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USP15 stabilizes TGF-β receptor I and promotes oncogenesis through the activation of TGF-β signaling in glioblastoma

Nature Medicine volume 18, pages 429435 (2012) | Download Citation


In advanced cancer, including glioblastoma, the transforming growth factor β (TGF-β) pathway acts as an oncogenic factor and is considered to be a therapeutic target. Using a functional RNAi screen, we identified the deubiquitinating enzyme ubiquitin-specific peptidase 15 (USP15) as a key component of the TGF-β signaling pathway. USP15 binds to the SMAD7–SMAD specific E3 ubiquitin protein ligase 2 (SMURF2) complex and deubiquitinates and stabilizes type I TGF-β receptor (TβR-I), leading to an enhanced TGF-β signal. High expression of USP15 correlates with high TGF-β activity, and the USP15 gene is found amplified in glioblastoma, breast and ovarian cancer. USP15 amplification confers poor prognosis in individuals with glioblastoma. Downregulation or inhibition of USP15 in a patient-derived orthotopic mouse model of glioblastoma decreases TGF-β activity. Moreover, depletion of USP15 decreases the oncogenic capacity of patient-derived glioma-initiating cells due to the repression of TGF-β signaling. Our results show that USP15 regulates the TGF-β pathway and is a key factor in glioblastoma pathogenesis.

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We thank A. Sáez-Borderías and A. Arias for technical support. We also thank the Medical Oncology department, the Neurosurgery department and the Pathology department of the Vall d'Hebron Hospital for support. E.M.S. is supported by the Instituto Carlos III (CM09/143). I.B. and D.G.-D. were supported by the Red Temática de Investigación Cooperativa en Enfermedades Cardiovasculares (RECAVA, ISCIII). This work was supported by the European Research Council grant (ERC 205819), Instituto Carlos III grant FIS (PI070648), Ministry of Science and Innovation grant Consolider Ingenio 2010 program (CSD2009-00080) and the Asociación Española Contra el Cáncer (AECC) grant.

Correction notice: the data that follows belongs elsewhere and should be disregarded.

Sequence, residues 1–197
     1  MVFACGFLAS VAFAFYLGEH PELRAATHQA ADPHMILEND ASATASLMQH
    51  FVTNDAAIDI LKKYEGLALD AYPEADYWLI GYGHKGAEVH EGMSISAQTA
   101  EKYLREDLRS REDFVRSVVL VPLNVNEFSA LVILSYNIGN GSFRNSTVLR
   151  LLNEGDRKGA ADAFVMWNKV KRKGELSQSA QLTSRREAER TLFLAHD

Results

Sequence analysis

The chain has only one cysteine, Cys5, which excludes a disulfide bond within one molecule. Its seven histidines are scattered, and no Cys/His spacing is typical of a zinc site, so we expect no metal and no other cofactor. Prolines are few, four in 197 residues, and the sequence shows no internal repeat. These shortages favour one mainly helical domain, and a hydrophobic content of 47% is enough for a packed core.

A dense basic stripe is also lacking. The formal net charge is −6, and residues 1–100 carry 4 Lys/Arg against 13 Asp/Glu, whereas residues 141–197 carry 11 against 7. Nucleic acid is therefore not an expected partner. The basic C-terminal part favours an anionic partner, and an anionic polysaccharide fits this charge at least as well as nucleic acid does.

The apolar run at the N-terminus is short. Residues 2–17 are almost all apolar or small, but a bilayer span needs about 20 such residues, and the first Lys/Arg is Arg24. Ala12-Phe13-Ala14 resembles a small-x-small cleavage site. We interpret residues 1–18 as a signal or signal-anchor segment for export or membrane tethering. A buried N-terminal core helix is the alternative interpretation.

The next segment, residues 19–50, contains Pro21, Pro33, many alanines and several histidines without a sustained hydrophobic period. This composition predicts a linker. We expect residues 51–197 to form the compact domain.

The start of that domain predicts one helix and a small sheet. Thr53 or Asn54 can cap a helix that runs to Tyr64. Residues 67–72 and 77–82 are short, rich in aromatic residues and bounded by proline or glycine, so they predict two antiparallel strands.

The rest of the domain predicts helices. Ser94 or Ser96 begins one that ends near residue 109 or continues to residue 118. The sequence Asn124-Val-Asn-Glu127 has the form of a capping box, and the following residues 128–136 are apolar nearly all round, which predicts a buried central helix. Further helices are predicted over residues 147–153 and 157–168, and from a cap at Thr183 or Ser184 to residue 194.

Author information


  1. Vall d'Hebron Institute of Oncology (VHIO), Vall d'Hebron University Hospital, Barcelona, Spain.

    • Pieter J A Eichhorn
    • , Laura Rodón
    • , Alba Gonzàlez-Juncà
    • , Magüi Gili
    • , Claudia Aura
    • , Aleix Prat
    • , Isabel Cuartas
    • , Jose Jimenez
    • , José Baselga
    •  & Joan Seoane
  2. Division of Molecular Carcinogenesis and Centre for Biomedical Genetics, The Netherlands Cancer Institute, Amsterdam, The Netherlands.

    • Annette Dirac
    •  & Réné Bernards
  3. Vall d'Hebron Institut de Recerca (VHIR), Vall d'Hebron University Hospital, Barcelona, Spain.

    • Elena Martínez-Sáez
    • , Ignasi Barba
    • , Vicente Peg
    • , David García-Dorado
    •  & Juan Sahuquillo
  4. Lineberger Comprehensive Cancer Center, University of North Carolina, Chapel Hill, North Carolina, USA.

    • Aleix Prat
  5. Universitat Autònoma de Barcelona, Cerdanyola del Vallès, Spain.

    • José Baselga
    •  & Joan Seoane
  6. Massachusetts General Hospital Cancer Center, Harvard Medical School, Boston, Massachusetts, USA.

    • José Baselga
  7. Institució Catalana de Recerca i Estudis Avançats (ICREA), Barcelona, Spain.

    • Joan Seoane


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P.J.A.E., L.R. and A.G.-J. performed all the experiments. A.D. and R.B. generated the DUB shRNA library. M.G. technically assisted in performing the in vitro experiments. E.M.-S., C.A., V.P. and J.J. performed the pathology analysis of the specimens. A.P. performed the bioinformatic analysis. I.B. and D.G.-D. performed the MRI analysis. I.C. performed the intracranial injections and technically assisted in the in vivo experiments. J. Sahuquillo was in charge of the human neurosurgical procedures. J.B. was in charge of the clinical analysis. J. Seoane designed and supervised the project and wrote the manuscript.

Competing interests

The authors declare no competing financial interests.

Corresponding author

Correspondence to Joan Seoane.

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